Spotlight on Treatment for Eating Disorders: Self-Monitoring

What is a food diary and why should I keep one?

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In the treatment of eating disorders, food diaries are also known as self-monitoring records. Self-monitoring involves keeping track of behaviors, symptoms, or experiences over time. Self-monitoring is an important part of cognitive behavioral therapy (CBT) for many mental health disorders. For depression or anxiety, for example, therapy often involves keeping track of thoughts and associated emotions and behaviors.

For insomnia, patients are usually asked to keep sleep logs. Keeping track with a log or diary can help you to better understand your current problems in order to promote change.

One of the reasons self-monitoring is so helpful is that it can be very difficult to recall thoughts, feelings, or behaviors after some time has passed. In the moment self-monitoring makes it possible to get an accurate picture of what is really going on with your eating behavior. This can be an important tool whether you are working to change a behavior or problem on your own (self-help), or while working with a therapist.

Self-monitoring is a key part of enhanced CBT for eating disorders (CBT-E) and begins following the first session of therapy. Self-monitoring records are reviewed with your therapist during each CBT-E session.

It is recommended that you jot down the following as part of your self-monitoring record:

  • Everything you eat and drink over the course of the day and night
  • Any thoughts or feelings that went along with consuming that meal or snack
  • Whether that particular episode of eating is considered a binge (according to you)
  • Whether you did anything to try to shed the calories, such as vomiting, using laxatives, or exercising
  • Location (for example, “at the dinner table,” or “in front of the television)
  • Any relevant contextual factors, thoughts, or feelings (for example, “at family get together,” or “I ate too much,” or anxious, depressed, happy)

There are challenges associated with self-monitoring. It takes time and effort to complete the records after each meal or snack and may require some planning on your part. However, you can remind yourself that self-monitoring is an integral part of recovery and it is not a practice you will have to maintain forever.

Many people have also experienced recording their food intake for weight loss programs and were made to feel bad whenever their records revealed that they did not stick to the diet. This may have resulted in feeling embarrassment or shame at seeing their eating patterns recorded on paper. Your therapist takes a very different approach to your records and will not judge you or ridicule you. Instead, they will work with you to use self-monitoring as a tool to provide insight into your eating disorder and inform your treatment.

You should initially keep your self-monitoring logs without making any changes to your eating patterns for at least a week to begin to identify patterns and themes. See if you can identify any problematic behaviors or associations. For example, you may notice that you are much more likely to binge eat after fasting for many hours during the day. After this period of time, you can move on to making some changes in your eating patterns. The next step is to make changes to any problematic patterns and to establish a regular pattern of eating.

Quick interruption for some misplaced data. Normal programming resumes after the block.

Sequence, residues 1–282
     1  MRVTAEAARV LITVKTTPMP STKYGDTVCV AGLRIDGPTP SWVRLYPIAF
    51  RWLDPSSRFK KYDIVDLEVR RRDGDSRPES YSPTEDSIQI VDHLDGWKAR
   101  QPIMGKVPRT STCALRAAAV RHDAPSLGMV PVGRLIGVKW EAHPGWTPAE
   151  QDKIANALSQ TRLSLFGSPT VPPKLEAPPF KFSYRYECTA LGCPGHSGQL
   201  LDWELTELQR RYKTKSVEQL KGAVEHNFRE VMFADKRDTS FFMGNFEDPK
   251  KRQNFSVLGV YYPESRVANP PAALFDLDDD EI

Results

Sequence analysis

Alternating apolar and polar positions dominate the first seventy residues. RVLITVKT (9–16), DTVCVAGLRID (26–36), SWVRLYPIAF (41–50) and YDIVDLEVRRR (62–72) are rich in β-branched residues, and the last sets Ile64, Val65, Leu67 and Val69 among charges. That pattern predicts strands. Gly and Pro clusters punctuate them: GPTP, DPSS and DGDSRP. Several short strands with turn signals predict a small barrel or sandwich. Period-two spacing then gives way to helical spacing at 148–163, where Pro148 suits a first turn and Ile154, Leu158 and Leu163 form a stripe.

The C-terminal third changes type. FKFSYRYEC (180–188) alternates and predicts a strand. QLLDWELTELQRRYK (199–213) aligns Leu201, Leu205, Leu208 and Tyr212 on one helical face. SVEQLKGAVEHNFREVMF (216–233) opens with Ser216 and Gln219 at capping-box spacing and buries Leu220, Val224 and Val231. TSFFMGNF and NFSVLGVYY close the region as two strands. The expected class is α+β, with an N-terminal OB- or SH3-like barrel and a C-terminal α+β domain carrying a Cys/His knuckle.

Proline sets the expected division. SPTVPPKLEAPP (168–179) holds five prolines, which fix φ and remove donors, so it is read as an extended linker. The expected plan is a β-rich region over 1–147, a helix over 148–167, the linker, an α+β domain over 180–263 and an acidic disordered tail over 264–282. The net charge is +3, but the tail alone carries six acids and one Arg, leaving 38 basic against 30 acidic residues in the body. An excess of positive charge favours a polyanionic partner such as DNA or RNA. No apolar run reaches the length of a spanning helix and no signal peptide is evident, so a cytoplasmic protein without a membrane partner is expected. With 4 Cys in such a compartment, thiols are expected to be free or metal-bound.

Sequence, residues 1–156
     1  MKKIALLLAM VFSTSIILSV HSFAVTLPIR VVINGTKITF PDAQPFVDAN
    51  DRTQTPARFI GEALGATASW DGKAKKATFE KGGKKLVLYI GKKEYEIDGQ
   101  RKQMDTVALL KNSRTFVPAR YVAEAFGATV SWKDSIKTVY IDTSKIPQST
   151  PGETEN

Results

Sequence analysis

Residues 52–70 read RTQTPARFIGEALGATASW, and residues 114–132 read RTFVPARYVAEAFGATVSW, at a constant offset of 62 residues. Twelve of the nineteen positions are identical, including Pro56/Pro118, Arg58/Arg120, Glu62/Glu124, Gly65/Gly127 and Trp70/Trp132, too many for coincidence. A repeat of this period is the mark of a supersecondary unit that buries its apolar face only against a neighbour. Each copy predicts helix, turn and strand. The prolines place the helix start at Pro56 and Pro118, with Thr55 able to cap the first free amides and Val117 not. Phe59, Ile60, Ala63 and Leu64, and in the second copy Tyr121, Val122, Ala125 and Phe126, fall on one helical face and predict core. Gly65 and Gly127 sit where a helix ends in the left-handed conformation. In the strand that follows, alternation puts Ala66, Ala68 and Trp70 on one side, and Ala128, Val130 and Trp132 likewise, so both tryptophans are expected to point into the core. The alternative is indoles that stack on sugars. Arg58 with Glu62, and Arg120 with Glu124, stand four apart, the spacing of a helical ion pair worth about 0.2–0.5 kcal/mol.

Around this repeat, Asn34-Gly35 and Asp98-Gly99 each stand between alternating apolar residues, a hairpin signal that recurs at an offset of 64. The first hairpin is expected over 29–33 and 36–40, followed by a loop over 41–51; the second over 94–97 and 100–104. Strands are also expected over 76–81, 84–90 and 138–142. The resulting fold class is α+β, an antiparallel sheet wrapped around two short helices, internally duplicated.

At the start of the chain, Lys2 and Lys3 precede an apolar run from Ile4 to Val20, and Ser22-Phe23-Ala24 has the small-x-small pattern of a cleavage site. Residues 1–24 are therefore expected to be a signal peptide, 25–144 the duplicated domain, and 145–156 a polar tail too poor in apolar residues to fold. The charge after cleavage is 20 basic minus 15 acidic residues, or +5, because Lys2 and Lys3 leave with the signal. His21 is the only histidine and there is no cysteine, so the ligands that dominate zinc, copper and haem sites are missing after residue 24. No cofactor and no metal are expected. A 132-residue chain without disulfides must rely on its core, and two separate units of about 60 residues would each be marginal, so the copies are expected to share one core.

Self-monitoring is traditionally done using paper and pencil. But technology has allowed for the use of the computer or smart phone apps that are geared toward recovery. Many find that the convenience of electronic records is motivating and a better fit for a busy lifestyle.

Recovery Record and Rise Up + Recover are both free apps for appropriate self-monitoring that can be used independently or while working with a therapist as part of eating disorder treatment. Some applications also incorporate feedback and encourage the use of adaptive coping skills. More information on these and other helpful apps can be found here.

There are many apps that may appear to fit the bill for self-monitoring, but focus almost exclusively on calorie counting. However, self-monitoring and calorie counting are not the same. Self-monitoring calls for recording information on emotions, context, and patterns of behavior that simple calorie counting does not. It is this additional information that is so powerful in promoting recovery.

In fact, exact measurements and calorie counting are discouraged for people with eating disorders and are not a focus in CBT-E. Many sufferers of eating disorders are very rigid about their food intake and spend a lot of time thinking about what they have eaten and efforts to “make up” for calories they have consumed. Calorie counting is not recommended because it can serve to promote this obsessive behavior.

Self-monitoring is one of the first steps toward recovery from eating disorders and can be a rich source of information for anyone struggling with their relationship with food. If you are interested in self-help, the Centre for Clinical Interventions offers a workbook called Overcoming Disordered Eating that includes self-monitoring. The guide to self-monitoring that is a part of this workbook and copies of blank paper-and-pencil records can be found here. Many people may find that they need support from a therapist. The National Eating Disorder Association provides a directory of eating disorder therapists here.


Fairburn, C. G. (2008). Cognitive behavior therapy and eating disorders. Guilford Press.

Center for Clinical Interventions (CCI). Overcoming Disordered Eating Part A, Module 4: Self-Monitoring CCI self help module. 

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